Our time last week was cut prematurely short , as my contact's parents (he was only 16 at the oldest, as far as I could tell) gave him a call requesting his help at home. He agreed to meet me at the same time the following week.
When I arrived, he was already waiting. I asked him to continue where he'd left off.
"So as I was saying, every couple years or so, tops, a monk will travel around and catalogue other people's dreams. They usually stay in the city, but not always.
Anyways, a few years back, one of these monks came through my part of town. I guess he met with some students – older than me, college age – and they were really interested in him. Usually, these guys'll just ask people to remember their dreams, and they'll write'em down. They don't ever talk much, except to get more information. Seems they're really good at drawing out the details, even stuff you normally wouldn't remember. But these kids, I guess they were prodding back. One of'em, I've heard, was having really wild dreams at the time, so the monk played along.
So they were asking all these questions about lucid dreaming – you know what that is, right?"
I assured him I did.
He continued, "so yeah, all of the people who live in this part of the city, that's all they do. That's why they don't have any windows, and everything's painted the same color. It's so they don't have anything for their conscious mind to grab on to when they wake up, and they can slip into and out of dreaming like nothing. They wake up periodically through the night, transcribe their dreams to that point in the dark, and then go back to dreaming.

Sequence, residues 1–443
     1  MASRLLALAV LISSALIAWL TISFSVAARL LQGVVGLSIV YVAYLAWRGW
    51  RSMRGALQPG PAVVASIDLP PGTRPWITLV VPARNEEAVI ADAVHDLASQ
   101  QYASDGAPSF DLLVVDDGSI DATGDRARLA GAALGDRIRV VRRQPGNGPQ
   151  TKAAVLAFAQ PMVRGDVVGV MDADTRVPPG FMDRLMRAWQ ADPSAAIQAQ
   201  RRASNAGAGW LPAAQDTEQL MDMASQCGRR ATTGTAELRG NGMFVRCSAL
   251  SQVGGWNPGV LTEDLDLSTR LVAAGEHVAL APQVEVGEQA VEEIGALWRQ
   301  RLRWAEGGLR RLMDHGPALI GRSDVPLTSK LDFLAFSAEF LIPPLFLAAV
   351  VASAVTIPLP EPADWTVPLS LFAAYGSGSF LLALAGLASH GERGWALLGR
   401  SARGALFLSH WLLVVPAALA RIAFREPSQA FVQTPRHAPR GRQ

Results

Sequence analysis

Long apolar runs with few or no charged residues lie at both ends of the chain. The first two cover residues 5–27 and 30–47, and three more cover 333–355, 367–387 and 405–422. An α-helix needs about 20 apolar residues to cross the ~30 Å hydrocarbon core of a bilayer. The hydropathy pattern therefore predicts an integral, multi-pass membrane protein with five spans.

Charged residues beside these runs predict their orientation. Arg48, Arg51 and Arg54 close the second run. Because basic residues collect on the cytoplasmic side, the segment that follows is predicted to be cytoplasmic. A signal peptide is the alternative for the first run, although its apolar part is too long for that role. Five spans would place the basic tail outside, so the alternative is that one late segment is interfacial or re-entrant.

And well, a bunch of these kids were studying neurology in school, and were wondering if it might be possible to go the other way – rather than tricks to stay dreaming, what about ways to bring it on at will?
The monk, so I'm told, viewed this as pretty much sacrilege, and wouldn't discuss it any further. But these kids were fascinated by the idea, and eventually built the prototypes you see us wearing."